This evening I am spending time setting up both BootCamp and Parallels on the new laptop (Core 2 Duo Macbook Pro). I plan to install ArcGIS tomorrow and will begin to work with it for a while to see how it goes. I will be grabbing screenshots as I go through. I will be posting the details on my sadly underused blog at scirl.com/blog with a wrap up in a couple of weeks here on VerySpatial.
On the Oct 19 episode of Digital Life TV (www.dl.tv), Patrick Norton does a review of a dashmount Garmin GPS and the new Microsoft Streets and Trips and everyone uses many of the correct terms and phrases The overall take on the Garmin model they reviewed was pretty good, and at a $250 (US) price tag it seems promising. Head over to dl.tv to view the episode online or to download the video podcast. For the MS Streets and Trips they mention the Live Search integration. The review is around 35:00 minutes.
Listener Eric pointed out a news item that discusses how police in the Dutch city of Groningen will be testing a handheld-based computer system which will allow them to access information specific to the areas they are patroling. The article also seems to say that information can be pushed out the systems and that they will be locationally aware. Sounds like a pretty sweet system for police walking the streets.
Ever wonder where the central, root, base nodes of the Internet are located? Well here’s a map to help you out! At this scale, there looks like there’s only 7, but if you zoom in you’ll notice that quite a few are very close to one another. The Washington DC area has 5 alone!
It’s also interesting to note that one of the root servers is located in a city named Root. I kinda live for those little funny things
A Phd student at the University of Calgary’s Interactions Laboratory has come up with some pretty cool new interactive tools for Google Earth and Warcraft III (not at the same time). He’s using a tabletop environment to control how you interact with Google Earth. You can do much more hands on type interaction with the table setup. I think it’s a more natural environment, or much more paper map-like, than some of the mouse/keyboard setups we currently use. It’s worth checking out the videos (bottom right of his site or mirrored here). They give a good idea of the types of things you can do with this new type of system. I particularly like the Warcraft III “Command and Control” system demo.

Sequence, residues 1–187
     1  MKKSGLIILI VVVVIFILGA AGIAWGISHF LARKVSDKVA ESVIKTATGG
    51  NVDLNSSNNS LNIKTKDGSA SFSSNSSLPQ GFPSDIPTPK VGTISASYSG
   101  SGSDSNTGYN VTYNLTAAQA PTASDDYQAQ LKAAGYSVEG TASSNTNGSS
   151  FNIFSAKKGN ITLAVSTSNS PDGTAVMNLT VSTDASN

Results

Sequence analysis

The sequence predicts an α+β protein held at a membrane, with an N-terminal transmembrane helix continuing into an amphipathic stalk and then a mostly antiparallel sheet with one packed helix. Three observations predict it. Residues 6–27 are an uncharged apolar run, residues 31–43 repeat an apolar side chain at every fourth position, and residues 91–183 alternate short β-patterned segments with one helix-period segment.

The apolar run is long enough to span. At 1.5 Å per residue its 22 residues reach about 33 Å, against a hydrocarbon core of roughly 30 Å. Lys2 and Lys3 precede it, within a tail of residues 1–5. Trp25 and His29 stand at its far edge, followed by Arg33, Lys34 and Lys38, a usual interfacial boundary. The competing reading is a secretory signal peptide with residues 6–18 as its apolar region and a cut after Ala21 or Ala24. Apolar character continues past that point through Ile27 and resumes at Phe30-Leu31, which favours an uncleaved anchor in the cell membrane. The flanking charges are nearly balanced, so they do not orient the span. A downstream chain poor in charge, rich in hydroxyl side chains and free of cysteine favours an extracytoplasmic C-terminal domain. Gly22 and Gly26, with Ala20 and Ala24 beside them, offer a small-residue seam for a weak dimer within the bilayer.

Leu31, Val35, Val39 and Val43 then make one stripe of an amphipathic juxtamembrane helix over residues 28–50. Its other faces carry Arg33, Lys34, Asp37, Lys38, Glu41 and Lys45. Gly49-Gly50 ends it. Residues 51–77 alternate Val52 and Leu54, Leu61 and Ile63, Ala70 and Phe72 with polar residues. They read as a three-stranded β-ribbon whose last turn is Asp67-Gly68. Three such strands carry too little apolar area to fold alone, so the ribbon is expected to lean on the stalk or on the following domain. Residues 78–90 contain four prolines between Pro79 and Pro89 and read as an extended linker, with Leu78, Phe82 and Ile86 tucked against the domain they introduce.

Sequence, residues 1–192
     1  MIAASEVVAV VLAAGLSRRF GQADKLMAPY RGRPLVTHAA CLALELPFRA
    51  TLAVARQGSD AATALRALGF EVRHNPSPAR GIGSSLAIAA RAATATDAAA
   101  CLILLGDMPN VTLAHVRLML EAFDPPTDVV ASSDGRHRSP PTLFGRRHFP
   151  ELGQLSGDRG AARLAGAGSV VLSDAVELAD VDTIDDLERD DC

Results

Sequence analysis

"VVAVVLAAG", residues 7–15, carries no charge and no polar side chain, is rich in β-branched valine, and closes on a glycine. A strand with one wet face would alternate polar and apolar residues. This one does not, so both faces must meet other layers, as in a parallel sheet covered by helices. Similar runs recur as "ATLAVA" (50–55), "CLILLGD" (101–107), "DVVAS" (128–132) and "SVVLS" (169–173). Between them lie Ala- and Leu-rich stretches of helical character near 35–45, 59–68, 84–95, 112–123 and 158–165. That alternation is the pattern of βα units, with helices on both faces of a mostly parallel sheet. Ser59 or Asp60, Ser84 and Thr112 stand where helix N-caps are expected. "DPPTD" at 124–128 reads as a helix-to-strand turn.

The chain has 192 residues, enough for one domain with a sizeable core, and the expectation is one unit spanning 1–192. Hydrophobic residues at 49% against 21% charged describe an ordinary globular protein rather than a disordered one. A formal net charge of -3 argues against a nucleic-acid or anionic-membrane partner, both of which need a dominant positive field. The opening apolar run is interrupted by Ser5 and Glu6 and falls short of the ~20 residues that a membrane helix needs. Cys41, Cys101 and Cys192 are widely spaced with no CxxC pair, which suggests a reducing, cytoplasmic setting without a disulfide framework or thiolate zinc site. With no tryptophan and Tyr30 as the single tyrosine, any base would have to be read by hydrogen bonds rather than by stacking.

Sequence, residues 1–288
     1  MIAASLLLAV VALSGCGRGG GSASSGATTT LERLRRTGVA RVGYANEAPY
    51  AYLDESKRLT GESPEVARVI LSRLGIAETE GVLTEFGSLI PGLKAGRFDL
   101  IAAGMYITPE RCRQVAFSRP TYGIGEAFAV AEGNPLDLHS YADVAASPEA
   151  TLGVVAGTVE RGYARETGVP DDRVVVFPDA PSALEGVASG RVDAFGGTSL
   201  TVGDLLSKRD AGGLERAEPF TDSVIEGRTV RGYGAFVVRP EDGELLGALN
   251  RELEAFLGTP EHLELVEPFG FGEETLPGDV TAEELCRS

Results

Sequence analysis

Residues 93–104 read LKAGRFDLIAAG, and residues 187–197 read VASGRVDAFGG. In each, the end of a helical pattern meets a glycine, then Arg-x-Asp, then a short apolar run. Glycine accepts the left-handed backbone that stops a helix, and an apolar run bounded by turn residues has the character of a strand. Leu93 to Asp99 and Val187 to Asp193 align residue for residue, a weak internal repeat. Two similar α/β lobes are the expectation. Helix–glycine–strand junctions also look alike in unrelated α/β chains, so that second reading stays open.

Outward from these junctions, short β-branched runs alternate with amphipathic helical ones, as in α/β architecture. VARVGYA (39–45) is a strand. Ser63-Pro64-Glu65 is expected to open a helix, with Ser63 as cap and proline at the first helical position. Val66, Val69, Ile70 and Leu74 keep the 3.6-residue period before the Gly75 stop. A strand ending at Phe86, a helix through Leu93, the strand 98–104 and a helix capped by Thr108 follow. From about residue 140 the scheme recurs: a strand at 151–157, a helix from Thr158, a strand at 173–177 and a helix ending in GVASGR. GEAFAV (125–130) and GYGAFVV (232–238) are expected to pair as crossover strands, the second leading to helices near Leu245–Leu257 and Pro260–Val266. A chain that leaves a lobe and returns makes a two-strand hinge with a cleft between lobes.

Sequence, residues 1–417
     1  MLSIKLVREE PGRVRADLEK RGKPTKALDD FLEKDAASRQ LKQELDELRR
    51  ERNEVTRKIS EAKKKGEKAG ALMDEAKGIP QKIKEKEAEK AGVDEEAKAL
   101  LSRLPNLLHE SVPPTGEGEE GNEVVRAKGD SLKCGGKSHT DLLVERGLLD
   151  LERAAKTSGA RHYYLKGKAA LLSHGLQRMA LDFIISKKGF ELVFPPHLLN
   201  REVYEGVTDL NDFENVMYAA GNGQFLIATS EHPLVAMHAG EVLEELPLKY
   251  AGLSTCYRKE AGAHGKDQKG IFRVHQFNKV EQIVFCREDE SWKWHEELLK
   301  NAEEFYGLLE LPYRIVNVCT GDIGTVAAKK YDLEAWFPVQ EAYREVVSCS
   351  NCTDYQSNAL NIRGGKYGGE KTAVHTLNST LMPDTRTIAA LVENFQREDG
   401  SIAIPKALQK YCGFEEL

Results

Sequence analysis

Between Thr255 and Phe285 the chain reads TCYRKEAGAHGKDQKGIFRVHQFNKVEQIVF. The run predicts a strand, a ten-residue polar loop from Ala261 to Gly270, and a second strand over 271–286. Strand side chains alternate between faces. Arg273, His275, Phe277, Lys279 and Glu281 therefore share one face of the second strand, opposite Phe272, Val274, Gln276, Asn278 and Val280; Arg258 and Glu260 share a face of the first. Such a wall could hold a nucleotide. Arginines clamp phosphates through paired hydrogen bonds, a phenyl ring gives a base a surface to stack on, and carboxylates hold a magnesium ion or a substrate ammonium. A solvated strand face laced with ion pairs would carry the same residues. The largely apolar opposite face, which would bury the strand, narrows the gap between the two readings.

And really, it’s all about kickin’ butt in video games anyways, right?
ShinyShiny, a tech gadget blog especially for girls, posted a review of the new Navman icn720 and 750 GPS in-car navigation systems that let you use photos to navigate to places. The unit has a built-in camera, so you just snap a picture of the IKEA store, your favorite restaurant, or whatever, and the photo is tagged with coordinates. Then, next time you want to go, you just bring up the photo and the Navman will get you there. Of course, it’s yet another cool device that we probably won’t get here in the US, at least not for awhile.
Here’s a cool toy: a twenty four (that’s right.. I said 24) screen display of people playing Quake 3 on 12 Linux machines running (I just have to say it again) 24 screens! Perhaps even more interesting is the 9 screen display playing Warcraft II at 3840×2160 pixels. Notice there’s no bezels on the 9 screen display. That’s what you need to surf Google Earth properly.
Apparently Microsoft has released the semi-final/latest word on their super-secret Origami project. It’s pretty much what all the rumors had said previously – it’s a “ultra portable” computer. The device is suppose to have around a 7″ touch screen and run full versions of Windows XP, abet optimized for Origami. Later versions are suppose to be under $500 and feature – get this – an all day battery life! The prototypes only run for 15 mins before their battery is drained. I guess Microsoft has a couple of hurdles between 15 mins and all day. However the devices are pretty exciting, especially for field work as I’m certain they’ll include some sort of expansion slot.
UPDATE: CNET has pictures!
It is small…
it is small…
oh and it is a GPS receiver.Ã‚Â Ubiquitous computing requires truly portable electronics…I think this might help keep your device slim.
We received a press release on Matrox’s new Parhelia Precision SDT which is intended for specific applications and hardware such as the Planar SD1710.Ã‚Â While I am a fan of stereo, I am not as convinced that a passive system this complex is necessary or even cost effective.Ã‚Â Active stereo using a CRT is my preferred option for the desktop.
For projection I still say that the new InFocus projectors are the way to go instead of passive systems.Ã‚Â While active glasses are more expensive I would argue that it is still the better option for anything under 15 people when circular passive systems become a good option.
As for Matrox, I prefer their Parhelia 3 monitor line.Ã‚Â We have two of these cards and I hope to get one of the new PCI Express versions if they ever release one or the QID LP PCIe.Ã‚Â Two monitors are ever enough